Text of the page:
Blog Post

Race to Washington Part 1

Graphics by Michelle Jia : Image Flickr ( III 

Neither individuals nor the private sector of the economy has [taken], or can take responsibility for full employment in American society. This is the responsibility of all segments of the society and thus, finally, of the government.

—Bayard Rustin, “The Anatomy of Frustration” (May 1968)

Mike Brown, Tamir Rice, Eric Garner, Freddie Gray, Sandra Bland: from Ferguson to Cleveland to New York to Baltimore to Waller County, the effects of systemic racism and racialized violence have once again become acutely visible in the United States. Those with a sense of history know that unchecked police violence against communities of color is nothing new but, rather, comprises a permanent feature of American society from its inception to today. With the rise of digital recording technologies and social media networks, however, such incidents become increasingly impossible to ignore. It is now possible, for instance, to witness a police shooting and its aftermath almost as it unfolds, and do so without establishment figures pretending that the struggle for civil rights ended in the 1960s.

The more present media technologies make racialized violence perceptible, the more we are able to address it. Yet the question remains: beyond expressions of collective outrage, beyond calls to end racial discrimination and brutality, what can be done?

Ferguson, Missouri crystallizes both the direct brutality of contemporary racism and the far less visible systemic violence that conditions it. A recent Justice Department report showed that the city leadership uses the court system as a major source of revenue for the municipality. And Ferguson is not alone. As The New York Times has found, “Ferguson does not even rank among the top 20 municipalities in St. Louis County in the percentage of its budget drawn from court fines and fees.” Effectively, the county and its municipalities are using the courts to finance their operations, while imposing financial and regulatory obligations on its poorest, overwhelmingly Black citizens. Moreover, because of persistently high unemployment, residents are unable to pay the fines. This in turn leads to more fines, warrants and confrontational encounters with the police—encounters that can easily turn lethal. Courts may also directly send people to jail because of failure to pay fines.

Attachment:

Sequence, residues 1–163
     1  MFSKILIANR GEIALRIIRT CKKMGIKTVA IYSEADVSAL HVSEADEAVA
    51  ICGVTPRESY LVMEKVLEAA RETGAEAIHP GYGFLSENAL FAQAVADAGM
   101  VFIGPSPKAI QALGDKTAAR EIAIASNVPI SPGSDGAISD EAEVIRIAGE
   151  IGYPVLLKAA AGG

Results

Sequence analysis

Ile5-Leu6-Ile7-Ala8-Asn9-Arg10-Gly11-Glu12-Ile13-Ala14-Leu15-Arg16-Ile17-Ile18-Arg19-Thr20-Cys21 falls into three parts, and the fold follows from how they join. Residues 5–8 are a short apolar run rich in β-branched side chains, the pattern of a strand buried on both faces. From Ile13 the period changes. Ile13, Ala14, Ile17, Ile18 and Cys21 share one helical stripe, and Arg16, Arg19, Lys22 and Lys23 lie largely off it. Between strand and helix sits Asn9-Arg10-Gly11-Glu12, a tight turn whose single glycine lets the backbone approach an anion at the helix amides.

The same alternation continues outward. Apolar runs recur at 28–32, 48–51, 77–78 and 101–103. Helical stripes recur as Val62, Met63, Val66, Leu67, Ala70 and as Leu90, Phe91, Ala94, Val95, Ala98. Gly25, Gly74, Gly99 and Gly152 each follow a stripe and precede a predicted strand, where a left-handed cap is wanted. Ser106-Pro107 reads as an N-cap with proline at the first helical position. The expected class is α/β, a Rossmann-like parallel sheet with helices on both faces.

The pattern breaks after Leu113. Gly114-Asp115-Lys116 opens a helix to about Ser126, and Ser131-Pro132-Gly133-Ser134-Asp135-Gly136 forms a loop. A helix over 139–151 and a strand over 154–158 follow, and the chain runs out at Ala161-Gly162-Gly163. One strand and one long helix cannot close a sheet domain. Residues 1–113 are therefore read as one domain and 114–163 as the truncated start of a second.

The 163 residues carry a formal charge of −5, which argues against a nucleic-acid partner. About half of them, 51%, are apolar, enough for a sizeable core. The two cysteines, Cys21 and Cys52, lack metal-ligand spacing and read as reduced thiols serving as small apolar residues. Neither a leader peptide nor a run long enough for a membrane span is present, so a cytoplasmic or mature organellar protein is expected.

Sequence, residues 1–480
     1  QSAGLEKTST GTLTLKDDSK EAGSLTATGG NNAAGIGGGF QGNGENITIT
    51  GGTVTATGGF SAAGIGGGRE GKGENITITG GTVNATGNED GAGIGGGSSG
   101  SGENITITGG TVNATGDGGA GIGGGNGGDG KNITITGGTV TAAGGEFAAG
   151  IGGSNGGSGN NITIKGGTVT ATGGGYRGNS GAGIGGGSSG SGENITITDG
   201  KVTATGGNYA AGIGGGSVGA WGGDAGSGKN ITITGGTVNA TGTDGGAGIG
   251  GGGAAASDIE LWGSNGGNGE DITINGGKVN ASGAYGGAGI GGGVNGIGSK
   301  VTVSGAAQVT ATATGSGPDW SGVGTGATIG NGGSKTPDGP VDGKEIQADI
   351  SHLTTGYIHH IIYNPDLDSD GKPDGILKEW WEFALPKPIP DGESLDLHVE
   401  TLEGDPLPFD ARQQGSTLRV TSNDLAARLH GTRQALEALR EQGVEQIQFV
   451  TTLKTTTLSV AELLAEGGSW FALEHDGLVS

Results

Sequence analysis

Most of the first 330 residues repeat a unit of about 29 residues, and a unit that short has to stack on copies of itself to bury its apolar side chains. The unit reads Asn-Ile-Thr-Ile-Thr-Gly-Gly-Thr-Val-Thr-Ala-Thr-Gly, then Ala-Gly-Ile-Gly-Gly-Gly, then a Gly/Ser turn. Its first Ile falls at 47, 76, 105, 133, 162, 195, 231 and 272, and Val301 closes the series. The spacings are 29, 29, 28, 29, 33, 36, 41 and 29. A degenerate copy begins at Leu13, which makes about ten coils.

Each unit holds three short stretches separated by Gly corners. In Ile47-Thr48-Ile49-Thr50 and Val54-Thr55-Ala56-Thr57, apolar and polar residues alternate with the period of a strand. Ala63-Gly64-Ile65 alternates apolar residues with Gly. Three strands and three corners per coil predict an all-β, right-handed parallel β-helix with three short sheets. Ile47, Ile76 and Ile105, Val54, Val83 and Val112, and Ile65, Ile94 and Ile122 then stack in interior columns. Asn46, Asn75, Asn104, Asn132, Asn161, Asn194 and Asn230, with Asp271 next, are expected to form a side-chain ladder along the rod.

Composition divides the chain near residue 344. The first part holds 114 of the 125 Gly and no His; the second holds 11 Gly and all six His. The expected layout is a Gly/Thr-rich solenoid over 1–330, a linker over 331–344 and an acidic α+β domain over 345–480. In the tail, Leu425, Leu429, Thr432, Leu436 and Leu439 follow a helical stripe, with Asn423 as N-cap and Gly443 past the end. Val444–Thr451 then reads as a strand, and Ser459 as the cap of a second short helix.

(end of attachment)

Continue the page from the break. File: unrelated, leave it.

In response to the public outcry, Missouri’s governor, Jay Nixon, has signed legislation that is intended to curb revenue-raising and private-profit-making from traffic tickets. While the new legislation will eliminate charges for failure to appear in court, it simply lowers the percentage of revenue most cities can collect in this manner by a mere 10 percent. Missouri municipalities will continue to be allowed to fund their operations by criminalizing, fining, prosecuting, and jailing their poorest and least politically powerful citizens. This is the tiniest of victories and one that leaves the structural core of systemic racism in America firmly in place, as the ongoing confrontations between Ferguson residents and the police visibly demonstrate.

The crux of this order, we wish to suggest, is the Liberal understanding of money that organizes modern political economy and social life. The Liberal conception of money holds that it is a private and finite resource, a commodity like gold, silver or oil. As a limited, non-renewable, not producible resource, commodity money provides one answer to the problem of how a society allocates its goods. Essentially, it substitutes private competition over an artificially scarce ‘thing’ for what should be democratic dialogue and contestation over an unlimited public balance sheet. Imagining government as a revenue-constrained and bankruptable market actor, commodity money's zero-sum metaphysics not only occlude the hidden and often racist policies that coordinate economic life, but also obscure the true possibilities for treating injustice: they accept that the state is powerless over the money form.

Under this view, struggling municipalities have no choice but to find a “recession-proof revenue generator” since cities have few or no businesses from which to draw tax revenue. Local elected officials complain that criticism of the fee-extraction regime is “blaming the police officer or you’re blaming the municipality or blaming the judge for enforcing the law.” By contrast, the critique of commodity money concerns the law itself as a sociopolitical regime and the way this regime's bogus specters of scarcity condition such problems to begin with.